Author Interview: Alasdair Shaw

This is the first interview for the Blog World Tour: Science Fiction Edition, previously announced here. Like the Blog World Tour: Fantasy Edition, there’s a prize available for the first commenter to guess my secret posting schedule: a digitally signed ebook copy of Augment or a voucher for a free digitally signed ebook copy of any novel I publish this year or next year. If you think you’ve guessed it, let me know in the comments!

Today’s interviewee is Alasdair Shaw. A fellow science fiction writer, like me he enjoys exploring concepts surrounding artificial intelligence in his stories. I’m delighted to be interviewing him today!

Welcome to my blog, Alasdair. It’s time to begin the interview.

All writers draw inspiration from the worlds around them and inside them, as well as from other writers. It can be conscious or subconscious, but the inspiration is there. Which writers inspire you?

Isaac Asimov, Iain M. Banks, Peter Hamilton, Anne Leckie.

They have all written books that I enjoy. They manage to blend an interesting plot, things to think about, and a good turn of phrase.

They also address similar ideas to those that I cover in my books: artificial intelligence, future space combat, how politics will work once everyone is connected. As Indie is a great reader of books, situations he finds himself in remind him of things he has read. Given the similarities to the experiences of characters such as R. Daneel Olivaw and Justice of Toren, these are referred to in my latest book, Liberty.

When I started the Two Democracies: Revolution series, I imagined it as a society making the first steps towards a civilization akin to the Culture. In that analogy, Indie is the first Mind. Obviously, it is set long after the Culture came into being, and there are significant differences, but it helped me set up Indie’s personality in my head. Thinking about Iain M. Banks’ work also kept me going despite the marmite reaction amongst beta readers to the ship name The Indescribable Joy of Destruction. Whilst some loved it, others complained about the length.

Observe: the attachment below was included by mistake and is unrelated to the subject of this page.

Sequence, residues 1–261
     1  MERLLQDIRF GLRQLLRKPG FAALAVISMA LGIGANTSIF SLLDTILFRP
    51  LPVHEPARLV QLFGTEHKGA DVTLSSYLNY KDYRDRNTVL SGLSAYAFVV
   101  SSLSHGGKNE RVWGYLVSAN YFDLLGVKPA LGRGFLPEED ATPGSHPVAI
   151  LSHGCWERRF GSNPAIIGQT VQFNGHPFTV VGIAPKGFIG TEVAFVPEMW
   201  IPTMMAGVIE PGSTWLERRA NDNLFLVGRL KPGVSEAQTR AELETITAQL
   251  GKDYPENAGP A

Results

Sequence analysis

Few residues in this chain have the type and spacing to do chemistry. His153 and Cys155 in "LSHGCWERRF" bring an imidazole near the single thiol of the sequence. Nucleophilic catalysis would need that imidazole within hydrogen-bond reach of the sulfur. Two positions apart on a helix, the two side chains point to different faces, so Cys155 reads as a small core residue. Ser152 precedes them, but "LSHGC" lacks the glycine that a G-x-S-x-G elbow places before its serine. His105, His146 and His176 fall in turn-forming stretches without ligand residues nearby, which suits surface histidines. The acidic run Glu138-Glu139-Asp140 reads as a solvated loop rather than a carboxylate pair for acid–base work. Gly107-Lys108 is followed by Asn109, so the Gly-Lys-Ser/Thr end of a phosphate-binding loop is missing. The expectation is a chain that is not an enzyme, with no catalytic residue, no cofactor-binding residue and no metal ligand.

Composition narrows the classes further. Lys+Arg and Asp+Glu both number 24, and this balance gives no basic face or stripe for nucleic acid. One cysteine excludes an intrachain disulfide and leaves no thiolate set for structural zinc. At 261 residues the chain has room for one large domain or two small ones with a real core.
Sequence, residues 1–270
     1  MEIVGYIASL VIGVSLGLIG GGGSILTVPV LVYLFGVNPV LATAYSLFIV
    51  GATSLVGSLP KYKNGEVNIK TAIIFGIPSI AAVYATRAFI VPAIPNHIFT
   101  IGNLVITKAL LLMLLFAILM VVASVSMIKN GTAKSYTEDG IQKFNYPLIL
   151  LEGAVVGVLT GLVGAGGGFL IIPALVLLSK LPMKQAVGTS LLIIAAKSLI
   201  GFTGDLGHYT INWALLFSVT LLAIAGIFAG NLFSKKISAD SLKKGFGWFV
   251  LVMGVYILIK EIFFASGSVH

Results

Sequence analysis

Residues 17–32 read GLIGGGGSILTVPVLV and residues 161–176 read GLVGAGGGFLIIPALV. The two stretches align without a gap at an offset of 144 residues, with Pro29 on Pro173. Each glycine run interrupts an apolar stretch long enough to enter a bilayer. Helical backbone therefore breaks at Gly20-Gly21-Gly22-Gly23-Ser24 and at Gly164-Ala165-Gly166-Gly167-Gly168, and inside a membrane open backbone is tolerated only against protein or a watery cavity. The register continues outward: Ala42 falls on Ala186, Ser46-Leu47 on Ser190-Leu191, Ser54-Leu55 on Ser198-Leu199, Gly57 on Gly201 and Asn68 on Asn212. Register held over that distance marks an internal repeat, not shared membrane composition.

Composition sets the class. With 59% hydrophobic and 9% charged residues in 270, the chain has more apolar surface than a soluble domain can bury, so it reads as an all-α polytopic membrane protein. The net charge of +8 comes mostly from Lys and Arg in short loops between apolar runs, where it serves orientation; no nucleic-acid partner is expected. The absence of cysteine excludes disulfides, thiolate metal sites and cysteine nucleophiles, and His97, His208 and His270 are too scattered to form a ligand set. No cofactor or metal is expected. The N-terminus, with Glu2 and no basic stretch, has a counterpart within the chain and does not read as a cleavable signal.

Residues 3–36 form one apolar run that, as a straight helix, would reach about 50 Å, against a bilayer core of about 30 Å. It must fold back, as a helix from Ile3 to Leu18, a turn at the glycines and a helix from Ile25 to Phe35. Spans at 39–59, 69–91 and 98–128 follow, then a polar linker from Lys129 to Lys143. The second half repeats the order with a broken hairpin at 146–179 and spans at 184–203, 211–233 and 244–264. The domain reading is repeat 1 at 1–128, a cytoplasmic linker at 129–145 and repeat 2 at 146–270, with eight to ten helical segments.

Personally, I love the name! It reminds me a bit of the names you can find on Andromeda (or, for that matter, many different science fiction series, The Chanur Saga being the first to come to mind.) A ship’s name really depends on the culture behind it; some might choose simple single-word names, others might prefer longer ones. *coughs* Right, I should move on to the next question, before I start getting distracted by the analysis of naming conventions. Next question: Do you work to an outline or plot or do you prefer to just see where an idea takes you?

I have a central plot, and a couple of sub-plots, worked out for a book before I start. In fact, I have a master history worked out from the present day through to hundreds of years after the events of Liberty. This will be covered in several series of books which will make up the Two Democracies canon. Some examples will be Two Democracies: Exodus, Two Democracies: Unification, Two Democracies: Partition, and Two Democracies: Revolution.

However, many of the best things just creep in as I’m writing. I’ve had many wonderful story arcs grow by themselves. I never cease to be amazed when a plot development occurs to me and I find I have already written little spurs that can link into it and embed it within the story.

Sometimes my characters misbehave and do a different thing to what I had intended. I also find that some characters grow from incidental to major. One of the characters we briefly meet in Liberty will be a central one in Equality. Commander Olivia Johnson even reappeared several chapters into Liberty even though I thought I’d killed her off at the end of Independence.

Wow! A master history that long is incredibly impressive. I’ve certainly never approached such a project before, although it’s neat that you have it all planned out. I can understand characters misbehaving, though–mine do that all the time. And often it works out for the better! Even if I do spend the first part of the journey grumbling at said characters… Now, when your characters do misbehave and it feels like all your plans have gone up in smoke, do you have a favorite motivational phrase that keeps you going?

“It does not matter how slowly you go as long as you do not stop.” – Confucius